It simply stared back at him for a few seconds before letting out this ear splitting screech, that sounded like a mix between someone skinning a live cat and that sound the predator makes, and disappearing beneath the fence again. I had made my way to James’ feet and was basically crying and snotting all over his boots. Everyone had heard the commotion and ran outside just as the screeched sounded and they were all questioning what happened. Instead of standing around and wasting time explaining James instructed everyone to get into their vehicles and drive. I jumped in the driver’s seat of my truck without hesitation and my father got in next to me. We calmly exited the property not bothering to close the gate behind us. But as soon as dirt turned to pavement there was nothing calm about our driving. We quickly drove to the stop sign at the end of the road the land sat next to.

Now please understand that I have no idea what possessed me to do what I am about to tell you. I was a fairly new driver at this point, and I place blame on the fact that I was very particular about following rules. So instead of driving straight through the stop sign that sat in the middle of nowhere as James did, I slowed to a stop and checked for traffic. The as I went to step on the accelerator I looked in my rearview mirror. Bathed in red from my brake lights was the Wendigo in a dead sprint for the truck. As I stomped on the gas I couldn’t tell if the screech I heard came from the creature or my tires. I would later lie to my father that the reason for my drag race takeoff was that I saw a group of deer running across the road and I didn’t want them to run into the truck. But he didn’t buy that one bit as I was screaming like a little girl the entire rest of the ride.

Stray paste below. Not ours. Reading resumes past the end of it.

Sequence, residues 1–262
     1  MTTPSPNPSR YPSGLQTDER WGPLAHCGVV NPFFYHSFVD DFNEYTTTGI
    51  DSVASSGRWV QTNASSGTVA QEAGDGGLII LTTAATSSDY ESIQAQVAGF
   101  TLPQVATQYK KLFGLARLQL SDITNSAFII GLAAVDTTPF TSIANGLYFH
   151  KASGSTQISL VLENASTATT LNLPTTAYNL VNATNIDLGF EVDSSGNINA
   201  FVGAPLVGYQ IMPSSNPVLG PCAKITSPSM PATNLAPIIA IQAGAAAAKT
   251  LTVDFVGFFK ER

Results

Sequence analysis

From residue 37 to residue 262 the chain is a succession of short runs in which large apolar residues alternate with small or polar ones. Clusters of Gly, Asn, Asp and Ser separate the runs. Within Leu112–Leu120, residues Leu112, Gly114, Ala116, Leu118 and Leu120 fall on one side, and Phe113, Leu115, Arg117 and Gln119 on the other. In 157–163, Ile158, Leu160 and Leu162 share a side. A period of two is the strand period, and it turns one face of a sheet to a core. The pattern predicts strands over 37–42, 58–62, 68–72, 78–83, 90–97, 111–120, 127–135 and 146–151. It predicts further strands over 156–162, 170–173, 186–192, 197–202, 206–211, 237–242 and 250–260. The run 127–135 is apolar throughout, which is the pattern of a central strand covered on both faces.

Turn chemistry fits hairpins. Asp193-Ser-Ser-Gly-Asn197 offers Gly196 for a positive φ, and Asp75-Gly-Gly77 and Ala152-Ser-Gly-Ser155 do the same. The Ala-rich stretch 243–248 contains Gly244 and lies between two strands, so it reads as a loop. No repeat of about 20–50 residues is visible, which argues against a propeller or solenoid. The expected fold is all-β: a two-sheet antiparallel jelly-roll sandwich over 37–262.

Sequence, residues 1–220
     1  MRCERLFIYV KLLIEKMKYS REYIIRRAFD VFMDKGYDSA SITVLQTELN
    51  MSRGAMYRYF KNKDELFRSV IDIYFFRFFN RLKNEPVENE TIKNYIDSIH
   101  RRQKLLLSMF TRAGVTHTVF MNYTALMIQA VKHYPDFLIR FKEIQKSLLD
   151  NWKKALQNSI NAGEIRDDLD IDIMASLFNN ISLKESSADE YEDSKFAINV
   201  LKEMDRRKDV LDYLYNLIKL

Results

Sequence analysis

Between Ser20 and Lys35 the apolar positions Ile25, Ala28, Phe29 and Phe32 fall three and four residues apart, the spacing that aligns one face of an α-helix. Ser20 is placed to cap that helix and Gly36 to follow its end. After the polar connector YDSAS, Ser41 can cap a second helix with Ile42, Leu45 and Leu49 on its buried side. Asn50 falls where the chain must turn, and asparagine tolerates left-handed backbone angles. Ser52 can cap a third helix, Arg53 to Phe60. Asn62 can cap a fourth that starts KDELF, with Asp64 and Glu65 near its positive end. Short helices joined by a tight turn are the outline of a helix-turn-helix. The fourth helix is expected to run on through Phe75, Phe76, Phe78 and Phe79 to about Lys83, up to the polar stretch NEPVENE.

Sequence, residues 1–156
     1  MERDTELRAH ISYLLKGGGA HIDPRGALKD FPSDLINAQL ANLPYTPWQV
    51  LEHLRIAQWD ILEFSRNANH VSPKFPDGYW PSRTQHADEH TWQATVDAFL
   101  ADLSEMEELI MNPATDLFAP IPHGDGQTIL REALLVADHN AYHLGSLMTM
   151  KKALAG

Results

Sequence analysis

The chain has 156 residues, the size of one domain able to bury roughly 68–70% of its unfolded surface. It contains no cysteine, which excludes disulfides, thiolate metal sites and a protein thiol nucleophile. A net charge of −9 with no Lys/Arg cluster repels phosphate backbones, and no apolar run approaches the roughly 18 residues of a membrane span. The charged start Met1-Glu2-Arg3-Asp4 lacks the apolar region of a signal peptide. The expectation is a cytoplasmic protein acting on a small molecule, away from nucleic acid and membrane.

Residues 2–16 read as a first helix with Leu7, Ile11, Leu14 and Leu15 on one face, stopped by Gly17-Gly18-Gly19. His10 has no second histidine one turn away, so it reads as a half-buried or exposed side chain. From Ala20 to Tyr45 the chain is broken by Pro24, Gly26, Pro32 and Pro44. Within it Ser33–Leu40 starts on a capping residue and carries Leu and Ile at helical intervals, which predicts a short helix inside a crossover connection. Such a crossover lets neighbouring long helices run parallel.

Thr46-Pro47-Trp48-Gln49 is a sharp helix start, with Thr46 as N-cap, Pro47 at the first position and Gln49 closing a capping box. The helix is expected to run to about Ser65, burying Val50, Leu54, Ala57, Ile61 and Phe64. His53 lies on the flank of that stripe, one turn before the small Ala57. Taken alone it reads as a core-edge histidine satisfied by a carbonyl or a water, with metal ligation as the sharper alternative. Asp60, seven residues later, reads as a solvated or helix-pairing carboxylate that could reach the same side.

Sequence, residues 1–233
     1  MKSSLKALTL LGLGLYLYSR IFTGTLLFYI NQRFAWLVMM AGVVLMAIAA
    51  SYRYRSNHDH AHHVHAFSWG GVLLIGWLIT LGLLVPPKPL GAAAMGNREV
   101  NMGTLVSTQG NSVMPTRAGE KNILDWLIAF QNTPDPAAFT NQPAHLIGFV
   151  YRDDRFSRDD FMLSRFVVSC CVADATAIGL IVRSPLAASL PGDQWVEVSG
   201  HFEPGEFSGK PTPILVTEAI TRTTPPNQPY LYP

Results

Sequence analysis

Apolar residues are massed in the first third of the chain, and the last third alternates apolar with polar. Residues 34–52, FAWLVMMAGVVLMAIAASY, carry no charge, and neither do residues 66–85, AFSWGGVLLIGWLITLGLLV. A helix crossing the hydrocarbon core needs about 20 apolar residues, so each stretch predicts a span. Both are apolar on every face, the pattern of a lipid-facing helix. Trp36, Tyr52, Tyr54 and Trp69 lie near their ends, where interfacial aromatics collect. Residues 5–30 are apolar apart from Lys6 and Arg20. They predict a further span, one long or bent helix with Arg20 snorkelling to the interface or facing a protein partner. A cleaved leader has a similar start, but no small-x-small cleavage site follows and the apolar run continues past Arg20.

We made the usual 20 minute drive in about 10, due to me traveling down the back country roads at speeds in excess of 90mph. We decided that we would meet at a local bar and wait until we got ahold of a police officer or were kicked out of the place. There was an officer sent up to investigate the land the next morning and not much came of it. It was ruled that the animal carcasses were due to a rabid coyote, despite the fact that coyotes can’t impale other coyotes on tree branches. James and I have kept what we saw behind that fence to ourselves since that night. I refuse to talk about it with my dad, and whenever he brings it off I just tell him that he doesn’t want to know. We returned to the land later that year for the annual deer hunt, and made it through two weeks without incident. However I fear that the 2017 hunt might not be the same way, but I pray to God that I never ever see another Wendigo as long as I ever live.